Following stories of Nest devices getting “hacked” due to bad password management, Google reiterated that there was no actual breach of the company’s smart home devices and encouraged users to enable 2FA. The Google owned-company is now resetting passwords on accounts that it believes are compromised.
According to The Verge, Nest began alerting affected accounts last night via email, and forcing these users to set a new password before regaining access to their smart home devices. This is a common practice, but before the series of reports last month, Nest only recommended that users change their credentials.
Google previously detailed how it “looks across the internet to identify breaches” on third-party sites and alerts Nest users “when compromised accounts are found.” The hardware division is now taking it a step further to prevent more incidents of nefarious actors accessing devices to harass owners.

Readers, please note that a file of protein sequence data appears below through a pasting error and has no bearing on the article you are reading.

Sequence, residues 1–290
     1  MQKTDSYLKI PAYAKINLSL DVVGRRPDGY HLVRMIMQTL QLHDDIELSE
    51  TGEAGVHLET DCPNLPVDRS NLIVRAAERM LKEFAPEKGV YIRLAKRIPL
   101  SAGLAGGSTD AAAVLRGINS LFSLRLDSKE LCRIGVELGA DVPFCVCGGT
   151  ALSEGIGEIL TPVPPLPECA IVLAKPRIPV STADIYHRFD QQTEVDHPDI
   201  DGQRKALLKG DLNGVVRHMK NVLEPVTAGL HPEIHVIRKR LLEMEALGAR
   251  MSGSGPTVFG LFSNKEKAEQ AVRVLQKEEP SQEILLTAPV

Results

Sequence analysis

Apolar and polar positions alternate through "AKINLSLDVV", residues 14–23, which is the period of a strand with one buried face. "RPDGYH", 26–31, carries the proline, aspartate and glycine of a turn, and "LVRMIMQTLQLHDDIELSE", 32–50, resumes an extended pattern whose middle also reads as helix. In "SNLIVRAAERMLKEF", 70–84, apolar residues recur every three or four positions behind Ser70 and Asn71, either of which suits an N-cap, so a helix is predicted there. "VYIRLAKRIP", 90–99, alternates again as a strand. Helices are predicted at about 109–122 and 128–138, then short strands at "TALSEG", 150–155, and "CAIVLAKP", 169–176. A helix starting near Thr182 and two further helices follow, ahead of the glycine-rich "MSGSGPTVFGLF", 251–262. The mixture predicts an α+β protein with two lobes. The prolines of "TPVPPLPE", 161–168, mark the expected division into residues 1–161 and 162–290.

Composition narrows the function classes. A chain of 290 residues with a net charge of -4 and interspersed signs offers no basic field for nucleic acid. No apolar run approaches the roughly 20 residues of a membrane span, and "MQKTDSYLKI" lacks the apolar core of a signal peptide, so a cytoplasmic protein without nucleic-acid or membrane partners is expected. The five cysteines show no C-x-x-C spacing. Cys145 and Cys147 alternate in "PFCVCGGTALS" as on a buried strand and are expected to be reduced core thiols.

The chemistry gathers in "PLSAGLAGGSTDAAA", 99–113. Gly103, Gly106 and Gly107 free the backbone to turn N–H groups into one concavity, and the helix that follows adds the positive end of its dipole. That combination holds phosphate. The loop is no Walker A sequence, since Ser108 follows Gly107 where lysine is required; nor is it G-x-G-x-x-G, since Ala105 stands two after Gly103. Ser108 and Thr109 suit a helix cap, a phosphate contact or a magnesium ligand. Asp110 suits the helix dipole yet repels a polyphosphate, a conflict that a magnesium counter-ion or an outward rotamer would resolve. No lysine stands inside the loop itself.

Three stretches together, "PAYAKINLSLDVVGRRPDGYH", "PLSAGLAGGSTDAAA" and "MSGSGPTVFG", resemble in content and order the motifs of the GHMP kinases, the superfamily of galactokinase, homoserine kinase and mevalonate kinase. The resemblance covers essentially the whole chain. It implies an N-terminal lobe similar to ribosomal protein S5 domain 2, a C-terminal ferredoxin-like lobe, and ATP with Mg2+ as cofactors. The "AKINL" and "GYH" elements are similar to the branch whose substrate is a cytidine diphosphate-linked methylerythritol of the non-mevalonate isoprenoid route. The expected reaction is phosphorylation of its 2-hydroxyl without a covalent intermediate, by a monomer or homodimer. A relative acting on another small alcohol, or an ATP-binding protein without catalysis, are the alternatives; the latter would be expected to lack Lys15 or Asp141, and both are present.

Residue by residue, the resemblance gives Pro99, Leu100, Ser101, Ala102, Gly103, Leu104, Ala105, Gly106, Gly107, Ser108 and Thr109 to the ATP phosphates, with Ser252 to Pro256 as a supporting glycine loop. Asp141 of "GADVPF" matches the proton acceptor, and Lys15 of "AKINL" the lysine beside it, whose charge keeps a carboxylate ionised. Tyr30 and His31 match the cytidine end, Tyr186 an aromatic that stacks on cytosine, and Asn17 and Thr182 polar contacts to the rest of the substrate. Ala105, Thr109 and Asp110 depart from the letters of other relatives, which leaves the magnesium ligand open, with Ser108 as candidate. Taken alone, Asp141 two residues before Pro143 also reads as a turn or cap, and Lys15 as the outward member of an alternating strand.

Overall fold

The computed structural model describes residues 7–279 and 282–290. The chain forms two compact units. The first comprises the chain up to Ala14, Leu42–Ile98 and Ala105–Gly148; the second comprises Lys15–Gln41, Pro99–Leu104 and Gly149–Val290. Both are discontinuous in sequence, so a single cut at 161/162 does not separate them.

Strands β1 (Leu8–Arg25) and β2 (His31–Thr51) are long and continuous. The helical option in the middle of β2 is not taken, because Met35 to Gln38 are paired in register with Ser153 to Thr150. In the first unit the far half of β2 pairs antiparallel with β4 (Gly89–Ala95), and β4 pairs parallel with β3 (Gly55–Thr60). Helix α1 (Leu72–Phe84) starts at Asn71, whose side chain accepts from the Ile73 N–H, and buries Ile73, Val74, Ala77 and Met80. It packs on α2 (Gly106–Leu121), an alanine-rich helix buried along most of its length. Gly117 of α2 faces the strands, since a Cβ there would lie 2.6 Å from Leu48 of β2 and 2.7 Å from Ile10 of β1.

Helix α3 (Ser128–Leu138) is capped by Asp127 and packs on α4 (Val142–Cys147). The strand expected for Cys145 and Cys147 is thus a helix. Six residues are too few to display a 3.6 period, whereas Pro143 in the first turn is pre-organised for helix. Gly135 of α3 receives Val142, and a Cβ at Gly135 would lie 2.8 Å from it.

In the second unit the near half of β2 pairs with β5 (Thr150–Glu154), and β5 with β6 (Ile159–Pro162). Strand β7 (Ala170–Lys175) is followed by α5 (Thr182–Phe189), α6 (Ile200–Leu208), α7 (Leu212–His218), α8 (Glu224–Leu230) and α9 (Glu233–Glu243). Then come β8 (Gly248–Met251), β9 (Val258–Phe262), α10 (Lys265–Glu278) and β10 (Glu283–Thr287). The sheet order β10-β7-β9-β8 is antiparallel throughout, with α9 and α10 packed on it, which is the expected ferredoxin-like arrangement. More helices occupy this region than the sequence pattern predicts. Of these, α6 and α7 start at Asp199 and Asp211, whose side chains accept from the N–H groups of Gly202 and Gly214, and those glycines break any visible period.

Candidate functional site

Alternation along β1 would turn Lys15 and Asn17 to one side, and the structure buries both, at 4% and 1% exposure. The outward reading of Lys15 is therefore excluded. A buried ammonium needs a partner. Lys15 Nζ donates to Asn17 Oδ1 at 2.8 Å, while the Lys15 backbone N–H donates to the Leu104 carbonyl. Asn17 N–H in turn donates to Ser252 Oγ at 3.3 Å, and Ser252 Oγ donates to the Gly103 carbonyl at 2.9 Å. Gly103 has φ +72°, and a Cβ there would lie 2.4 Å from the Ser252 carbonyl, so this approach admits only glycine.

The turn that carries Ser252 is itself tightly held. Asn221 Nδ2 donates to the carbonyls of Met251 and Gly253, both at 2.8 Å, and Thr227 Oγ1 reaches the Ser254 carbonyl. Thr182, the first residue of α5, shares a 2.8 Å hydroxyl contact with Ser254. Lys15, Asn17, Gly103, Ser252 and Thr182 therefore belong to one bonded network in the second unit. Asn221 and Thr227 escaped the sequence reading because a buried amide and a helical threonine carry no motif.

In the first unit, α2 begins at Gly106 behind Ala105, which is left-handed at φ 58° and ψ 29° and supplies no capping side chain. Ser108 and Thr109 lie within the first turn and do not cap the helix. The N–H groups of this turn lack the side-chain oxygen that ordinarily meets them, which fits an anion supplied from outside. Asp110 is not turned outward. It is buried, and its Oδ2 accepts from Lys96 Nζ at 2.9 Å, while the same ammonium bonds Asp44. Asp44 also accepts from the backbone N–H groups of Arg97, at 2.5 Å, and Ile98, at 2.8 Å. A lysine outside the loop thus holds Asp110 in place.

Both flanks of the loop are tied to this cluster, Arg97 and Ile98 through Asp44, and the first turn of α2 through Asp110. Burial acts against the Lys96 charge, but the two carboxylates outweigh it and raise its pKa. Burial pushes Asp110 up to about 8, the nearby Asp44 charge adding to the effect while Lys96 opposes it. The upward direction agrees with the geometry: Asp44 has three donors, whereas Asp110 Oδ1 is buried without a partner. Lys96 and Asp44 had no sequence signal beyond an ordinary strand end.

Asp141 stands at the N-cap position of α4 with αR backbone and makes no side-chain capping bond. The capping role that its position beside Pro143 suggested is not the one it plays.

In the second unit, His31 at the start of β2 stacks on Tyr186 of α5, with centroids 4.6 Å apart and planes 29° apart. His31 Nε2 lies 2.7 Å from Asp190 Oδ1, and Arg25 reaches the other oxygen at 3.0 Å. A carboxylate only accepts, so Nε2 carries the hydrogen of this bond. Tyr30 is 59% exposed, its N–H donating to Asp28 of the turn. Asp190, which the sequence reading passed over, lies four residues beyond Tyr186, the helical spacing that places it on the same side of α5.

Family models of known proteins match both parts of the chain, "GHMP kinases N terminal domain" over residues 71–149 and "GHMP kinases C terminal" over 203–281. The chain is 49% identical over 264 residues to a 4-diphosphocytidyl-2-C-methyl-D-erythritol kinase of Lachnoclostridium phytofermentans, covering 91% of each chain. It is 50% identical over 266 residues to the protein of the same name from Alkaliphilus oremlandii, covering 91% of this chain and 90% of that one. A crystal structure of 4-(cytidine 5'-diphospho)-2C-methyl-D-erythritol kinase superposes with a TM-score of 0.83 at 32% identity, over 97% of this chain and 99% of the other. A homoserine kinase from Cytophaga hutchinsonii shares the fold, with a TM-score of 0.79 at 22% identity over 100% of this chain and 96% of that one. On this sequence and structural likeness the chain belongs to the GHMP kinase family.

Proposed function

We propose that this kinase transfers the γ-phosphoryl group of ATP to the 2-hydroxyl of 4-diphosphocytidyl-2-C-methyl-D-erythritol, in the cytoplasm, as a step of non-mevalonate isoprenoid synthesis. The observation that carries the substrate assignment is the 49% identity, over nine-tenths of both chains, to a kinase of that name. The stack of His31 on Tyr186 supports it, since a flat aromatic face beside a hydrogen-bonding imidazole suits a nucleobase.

In an email to all customers in early February, Nest also recommended additional steps to increase security like enabling 2-step verification and choosing strong passwords. The company already prevents credentials that appear on known compromised lists from being used. Other steps include setting up Family Accounts to grant other people access instead of sharing the same login.
Google should have forcibly reset passwords from the beginning given how even access to cameras and security systems is highly sensitive. Regardless, it is good that the company is now taking this commonplace — albeit annoying — step for end users. In a statement to The Verge, the company said it would reset compromised passwords going forward.
More about Nest:
- Report: Made by Google 2019 lineup includes budget Pixel, Google Home, watch, new Nest Cam
- Nest Secure can now be turned into another Google Assistant speaker for your home
- How to turn on two-step authentication on Nest to secure your cameras, locks, more